God in the middle of a chain-link fence
Clouds were scudding across the sky, fingers of light splayed between them in a cool, breezy dawn. And there I was, crouching under a swag of chain, then edging my camera lens through a chain-link fence. Remember my prayer walks the morning? This time my Canon was tagging along for some quality time, fitted with my hopes that I might capture in photo the beauty I described in my post.
But more than once, I sighed in mild exasperation. Not only was I confined to all the normal parameters of photography—the right moment, the right light, the right angle—now, I was butting up against a reverberating grid of metal that separated me from my subject: the eye-catching meadow and its resident heron, which so often seems to solicit my sigh of satisfaction in the mornings.
The red dirt of our lane only boasts snatches of nature. Three-meter walls of cement flank its meandering trail, each studded with forbidding concertina wire or jutting glass-bottle teeth. Our kids have had a “trash contest” more than once (“The biggest bag of trash gets a piece of candy! After you wash your hands!”). One of my jogging expeditions brought me by a large-kitten-sized dead rat. (Is that an overshare?)
And now, squatting to catch the heron’s curving neck in that black cylinder supported by my hand, I glimpsed through the viewfinder what I hadn’t seen all along: that cinder-block wall behind it. Oh, and the volleyball standard (i.e. tire filled with cement and skewered with a pole) leaning against the stately tree that looked so beatific each morning, arms spread to the sky. Any photographer worth her salt checks her background…but I was surprised by what had so often eluded my sight. Suddenly what had looked so uplifting each morning had a bit of mortar slopped on the top, a little trash garnishing the edges.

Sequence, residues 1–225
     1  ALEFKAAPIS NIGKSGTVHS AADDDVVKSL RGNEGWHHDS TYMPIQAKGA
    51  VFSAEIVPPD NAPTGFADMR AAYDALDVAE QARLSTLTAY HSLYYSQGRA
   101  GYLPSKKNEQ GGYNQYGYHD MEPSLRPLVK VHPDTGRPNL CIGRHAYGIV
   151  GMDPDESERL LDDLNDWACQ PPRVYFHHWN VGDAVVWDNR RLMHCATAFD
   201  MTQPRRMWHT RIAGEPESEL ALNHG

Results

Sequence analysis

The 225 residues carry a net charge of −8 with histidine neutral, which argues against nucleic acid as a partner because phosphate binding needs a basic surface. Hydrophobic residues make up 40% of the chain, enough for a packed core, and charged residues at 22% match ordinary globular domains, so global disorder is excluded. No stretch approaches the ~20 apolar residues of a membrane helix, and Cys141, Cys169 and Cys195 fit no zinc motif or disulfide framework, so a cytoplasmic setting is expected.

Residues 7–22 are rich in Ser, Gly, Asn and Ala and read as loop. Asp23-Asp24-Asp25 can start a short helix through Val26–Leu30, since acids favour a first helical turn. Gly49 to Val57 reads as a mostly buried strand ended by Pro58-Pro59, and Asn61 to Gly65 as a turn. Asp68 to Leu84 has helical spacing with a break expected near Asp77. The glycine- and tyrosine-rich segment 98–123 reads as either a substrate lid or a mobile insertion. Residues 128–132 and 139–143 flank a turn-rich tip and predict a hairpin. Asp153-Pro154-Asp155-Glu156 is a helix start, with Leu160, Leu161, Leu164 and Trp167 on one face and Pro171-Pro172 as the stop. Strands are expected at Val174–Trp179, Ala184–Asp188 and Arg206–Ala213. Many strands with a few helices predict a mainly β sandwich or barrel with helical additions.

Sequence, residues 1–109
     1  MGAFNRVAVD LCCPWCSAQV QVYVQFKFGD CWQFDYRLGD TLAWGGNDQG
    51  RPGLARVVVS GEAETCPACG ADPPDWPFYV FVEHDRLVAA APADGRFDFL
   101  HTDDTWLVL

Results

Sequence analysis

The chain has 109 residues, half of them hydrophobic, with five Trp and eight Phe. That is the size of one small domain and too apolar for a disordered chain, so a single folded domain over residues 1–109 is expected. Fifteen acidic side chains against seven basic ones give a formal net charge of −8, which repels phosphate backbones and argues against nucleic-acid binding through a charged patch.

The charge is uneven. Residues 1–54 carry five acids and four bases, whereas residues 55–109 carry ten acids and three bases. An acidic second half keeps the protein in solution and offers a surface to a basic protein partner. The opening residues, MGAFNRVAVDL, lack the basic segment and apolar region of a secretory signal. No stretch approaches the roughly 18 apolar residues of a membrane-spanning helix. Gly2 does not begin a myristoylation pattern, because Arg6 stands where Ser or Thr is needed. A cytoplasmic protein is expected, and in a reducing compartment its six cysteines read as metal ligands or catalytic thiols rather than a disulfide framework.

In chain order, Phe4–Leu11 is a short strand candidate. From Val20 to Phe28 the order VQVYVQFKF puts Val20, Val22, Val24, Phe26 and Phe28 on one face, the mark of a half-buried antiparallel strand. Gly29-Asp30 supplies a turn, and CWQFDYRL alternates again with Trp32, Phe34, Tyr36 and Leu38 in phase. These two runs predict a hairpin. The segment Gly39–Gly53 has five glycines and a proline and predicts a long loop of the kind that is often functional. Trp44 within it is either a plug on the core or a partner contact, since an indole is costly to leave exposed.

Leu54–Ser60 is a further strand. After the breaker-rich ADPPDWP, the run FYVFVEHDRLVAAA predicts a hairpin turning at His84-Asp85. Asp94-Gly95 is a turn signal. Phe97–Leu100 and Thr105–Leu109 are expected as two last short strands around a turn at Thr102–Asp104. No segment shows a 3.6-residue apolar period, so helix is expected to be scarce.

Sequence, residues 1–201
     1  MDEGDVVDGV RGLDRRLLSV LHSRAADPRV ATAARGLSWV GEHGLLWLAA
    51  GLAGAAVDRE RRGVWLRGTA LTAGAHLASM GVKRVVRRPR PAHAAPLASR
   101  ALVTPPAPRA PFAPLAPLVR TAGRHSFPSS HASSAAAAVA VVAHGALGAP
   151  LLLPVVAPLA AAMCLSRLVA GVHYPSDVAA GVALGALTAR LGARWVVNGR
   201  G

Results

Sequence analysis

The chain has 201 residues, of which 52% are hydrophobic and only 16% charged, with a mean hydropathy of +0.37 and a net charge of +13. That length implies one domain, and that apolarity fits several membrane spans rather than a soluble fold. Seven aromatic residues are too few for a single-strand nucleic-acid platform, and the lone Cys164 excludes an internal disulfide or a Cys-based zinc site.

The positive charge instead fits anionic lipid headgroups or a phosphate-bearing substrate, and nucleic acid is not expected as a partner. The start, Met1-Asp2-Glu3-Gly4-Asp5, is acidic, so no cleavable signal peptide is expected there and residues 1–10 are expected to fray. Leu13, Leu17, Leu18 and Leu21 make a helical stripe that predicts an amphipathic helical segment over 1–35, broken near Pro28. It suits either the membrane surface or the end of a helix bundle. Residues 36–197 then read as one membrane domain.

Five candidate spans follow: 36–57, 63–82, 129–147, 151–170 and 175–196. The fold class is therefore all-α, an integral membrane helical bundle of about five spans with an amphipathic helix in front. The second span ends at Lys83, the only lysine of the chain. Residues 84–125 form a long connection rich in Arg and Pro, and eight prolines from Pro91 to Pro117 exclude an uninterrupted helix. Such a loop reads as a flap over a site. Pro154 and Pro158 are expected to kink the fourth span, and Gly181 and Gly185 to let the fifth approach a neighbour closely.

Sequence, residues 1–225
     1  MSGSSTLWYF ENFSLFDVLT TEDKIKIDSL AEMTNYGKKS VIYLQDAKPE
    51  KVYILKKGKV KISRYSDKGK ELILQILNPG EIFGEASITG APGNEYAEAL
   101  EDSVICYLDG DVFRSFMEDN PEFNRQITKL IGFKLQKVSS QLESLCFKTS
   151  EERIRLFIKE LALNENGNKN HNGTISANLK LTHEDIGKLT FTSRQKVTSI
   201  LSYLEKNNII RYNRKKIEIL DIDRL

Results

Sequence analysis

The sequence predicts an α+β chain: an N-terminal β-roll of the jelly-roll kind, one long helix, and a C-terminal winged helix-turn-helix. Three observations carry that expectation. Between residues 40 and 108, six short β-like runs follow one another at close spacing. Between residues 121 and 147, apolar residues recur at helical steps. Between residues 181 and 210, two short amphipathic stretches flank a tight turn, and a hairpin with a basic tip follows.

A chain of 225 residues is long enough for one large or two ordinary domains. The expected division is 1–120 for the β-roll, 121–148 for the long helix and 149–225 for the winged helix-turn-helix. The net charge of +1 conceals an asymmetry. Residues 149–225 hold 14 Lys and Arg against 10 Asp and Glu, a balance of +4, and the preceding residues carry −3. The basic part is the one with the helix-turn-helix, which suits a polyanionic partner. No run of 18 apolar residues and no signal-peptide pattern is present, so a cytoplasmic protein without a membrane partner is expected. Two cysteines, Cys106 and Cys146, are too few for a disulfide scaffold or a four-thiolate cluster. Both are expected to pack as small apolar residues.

Yet—perhaps that is the arresting pleasure of time with God. Somehow He tips my eyes beyond what’s in front of me, upward. As I think about Moses’ brash, awe-stricken prayer, “Please show me Your glory,” perhaps beholding that glory is about actually learning to see. If the “eye is the lamp of the body” and “if your eye is healthy your whole body will be full of light”—perhaps that’s why our gratitude, and our ability to see God working and creating all around us—is so tied to our worship.
This morning, completely unrelated, I felt impressed to pray that I’d see the work God was doing in my kids; that I would see beyond the frustrations of the everyday and beyond, to the good work God was creating in them. As I reflected on this, I thought, Lord, show me your glory. Show me what you are doing and have done all around me.
In fact, show me beauty in the center of a gray cement wall. Show me You even as I peer through a small hole in a chain-link fence. In everyday grittiness—show me snapshots of You.